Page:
The Facts of the Case
On 20 December 1988, a boy was born, the herein subject child. On 17 January 1989, he came under the care and custody of petitioner-appellant. On 6 March 1991, the Child Welfare Agency (CWA) filed a petition to terminate the parental rights of the subject child’s natural parents on the grounds of abandonment and permanent neglect. A New York Family Lawyer said that on 9 July 1992, the mother who is not a party to the herein appeal, had her parental rights terminated on the ground of abandonment. Prior to the fact-finding hearing concerning the respondent father, the agency withdrew the allegations of permanent neglect and proceeded on the abandonment cause of action alone. Meanwhile, respondent father was arrested approximately one month after his son’s birth and remains incarcerated to date. It is undisputed that respondent father made no contact with his son or the agency between the date of his arrest and the filing of the petition more than two years later. Nonetheless, after a fact-finding hearing, the Family Court dismissed the petition on the grounds that respondent father proved that he did everything he could to locate his son; that petitioner discouraged contact between respondent father and his son; and that petitioner made no attempt to notify respondent father as to the whereabouts of his son. Thus, an appeal of the said order of the court followed.
The Ruling of the Court:
Here, petitioner proved by clear and convincing evidence that respondent father failed to communicate with the child or agency during the six month period immediately preceding the filing of the petition. Thus, a New York Custody Lawyer said the intent to forego parental rights is presumed unless evidence is offered to the contrary. To rebut the inference of abandonment, respondent father now has to prove that he was not unable to maintain contact with his son or that he was discouraged from doing so by the agency.
Firstly, the court finds that respondent father did not prove that his failure to contact his son was due to inability. Respondent father’s burden was to show that the asserted hardship in contacting his son so permeated his life that contact was not feasible. However, incarceration does not excuse a parent from establishing or maintaining contact with a child. Even if visits cannot be arranged, an incarcerated parent can maintain contact with his child through cards, letters or telephone calls. Respondent father’s excuse that he was unable to ascertain his son’s whereabouts is insufficient to rebut the presumption of abandonment. A Nassau County Family Lawyer said it must be noted that the subject child’s placement with petitioner occurred more than a month prior to respondent father’s incarceration; that following his incarceration, respondent father’s only serious efforts to locate his son were to write to the Child Welfare Agency in January 1990 and to the maternal grandmother of the subject child in November 1990. Clearly, respondent father did not make any real attempt to locate his son until nearly a year after he was incarcerated and gave up his search when he encountered the slightest obstacles. Thus, the court finds that respondent father’s efforts to locate his son did not demonstrate a sincere interest in retaining parental rights and are insufficient to negate a finding of abandonment.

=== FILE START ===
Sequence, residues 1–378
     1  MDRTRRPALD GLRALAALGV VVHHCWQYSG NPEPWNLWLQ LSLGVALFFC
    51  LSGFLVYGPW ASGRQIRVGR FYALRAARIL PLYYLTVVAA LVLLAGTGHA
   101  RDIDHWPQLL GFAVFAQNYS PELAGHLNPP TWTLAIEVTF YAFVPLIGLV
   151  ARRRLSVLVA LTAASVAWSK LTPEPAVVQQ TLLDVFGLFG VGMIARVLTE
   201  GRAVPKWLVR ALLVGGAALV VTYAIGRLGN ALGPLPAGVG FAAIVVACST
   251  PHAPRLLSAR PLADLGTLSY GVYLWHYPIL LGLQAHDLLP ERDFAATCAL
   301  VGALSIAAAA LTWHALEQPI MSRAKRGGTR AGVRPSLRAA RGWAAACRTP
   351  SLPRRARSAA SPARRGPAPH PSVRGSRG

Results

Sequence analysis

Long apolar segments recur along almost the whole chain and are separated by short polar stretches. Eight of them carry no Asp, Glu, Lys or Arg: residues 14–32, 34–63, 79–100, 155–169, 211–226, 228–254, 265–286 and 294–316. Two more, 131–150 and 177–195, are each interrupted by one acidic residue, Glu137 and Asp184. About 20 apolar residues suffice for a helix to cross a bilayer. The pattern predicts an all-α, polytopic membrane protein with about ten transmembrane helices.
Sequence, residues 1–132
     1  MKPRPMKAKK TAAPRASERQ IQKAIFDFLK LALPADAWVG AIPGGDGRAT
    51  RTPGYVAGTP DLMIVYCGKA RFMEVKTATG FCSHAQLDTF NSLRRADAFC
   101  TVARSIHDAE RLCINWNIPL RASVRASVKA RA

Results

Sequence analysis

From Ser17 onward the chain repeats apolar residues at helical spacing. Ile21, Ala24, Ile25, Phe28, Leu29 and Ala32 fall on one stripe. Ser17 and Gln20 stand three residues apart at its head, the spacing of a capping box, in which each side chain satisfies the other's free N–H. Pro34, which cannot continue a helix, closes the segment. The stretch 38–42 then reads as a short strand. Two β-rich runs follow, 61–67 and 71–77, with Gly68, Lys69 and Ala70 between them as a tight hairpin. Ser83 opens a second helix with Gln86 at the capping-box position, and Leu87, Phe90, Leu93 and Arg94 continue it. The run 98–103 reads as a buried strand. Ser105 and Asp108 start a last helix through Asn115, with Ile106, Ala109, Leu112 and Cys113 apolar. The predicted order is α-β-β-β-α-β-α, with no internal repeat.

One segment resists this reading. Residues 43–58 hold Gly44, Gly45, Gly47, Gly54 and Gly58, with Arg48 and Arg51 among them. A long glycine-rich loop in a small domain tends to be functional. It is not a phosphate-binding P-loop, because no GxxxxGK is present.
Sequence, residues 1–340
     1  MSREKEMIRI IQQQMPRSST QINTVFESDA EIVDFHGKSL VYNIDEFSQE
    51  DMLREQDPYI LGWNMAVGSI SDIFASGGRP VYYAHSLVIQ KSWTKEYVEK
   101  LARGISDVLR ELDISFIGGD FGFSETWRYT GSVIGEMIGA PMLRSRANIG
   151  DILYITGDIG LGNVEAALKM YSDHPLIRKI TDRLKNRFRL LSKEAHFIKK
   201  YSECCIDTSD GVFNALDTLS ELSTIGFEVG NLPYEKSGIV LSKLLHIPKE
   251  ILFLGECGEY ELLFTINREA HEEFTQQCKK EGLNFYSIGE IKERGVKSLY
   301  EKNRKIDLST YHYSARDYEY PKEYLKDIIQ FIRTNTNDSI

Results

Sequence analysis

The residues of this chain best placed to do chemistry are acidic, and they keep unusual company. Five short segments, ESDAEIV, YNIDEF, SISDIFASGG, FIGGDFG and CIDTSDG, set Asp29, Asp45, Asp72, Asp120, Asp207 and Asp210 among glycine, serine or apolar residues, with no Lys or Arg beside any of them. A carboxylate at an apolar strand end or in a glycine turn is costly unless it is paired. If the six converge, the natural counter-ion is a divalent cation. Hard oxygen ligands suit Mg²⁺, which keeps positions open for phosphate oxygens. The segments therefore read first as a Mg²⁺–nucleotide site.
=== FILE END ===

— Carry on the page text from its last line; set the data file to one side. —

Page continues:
Secondly, a Nassau County Custody Lawyer said the court finds that respondent father did not prove that the agency discouraged him from contacting his son. While respondent father claims that he was discouraged from ascertaining the whereabouts of his son as a result of the child being identified by petitioner and the CWA case record as having a father with a different last name, however, the record establishes that the CWA case record for the subject child is maintained under the natural mother’s name, and in his sole written inquiry to CWA, respondent father gave the mother’s name. The record establishes that if CWA had contacted petitioner to request information about the father of the subject child, the information would have been ascertainable under either name. Thus, the court finds that respondent father was not discouraged from locating his son as a direct result of the modification of his son’s name in the records of petitioner and CWA.
Lastly, the court finds that the lower the court erred in holding that petitioner was required to attempt to locate respondent father to inform him of the subject child’s whereabouts. Under the law, when proceeding on the ground of abandonment, an agency need not prove that it exercised diligent efforts to encourage and strengthen the parental relationship, including searching for a parent whose whereabouts are not known.
In sum, respondent father failed to rebut the inference of abandonment. Thus, the order of the court which dismissed the petition to terminate respondent father’s parental rights with respect to the subject child on the ground of abandonment is reversed, on the law and the facts; the petition is granted and the matter is remanded for a dispositional hearing, without costs.
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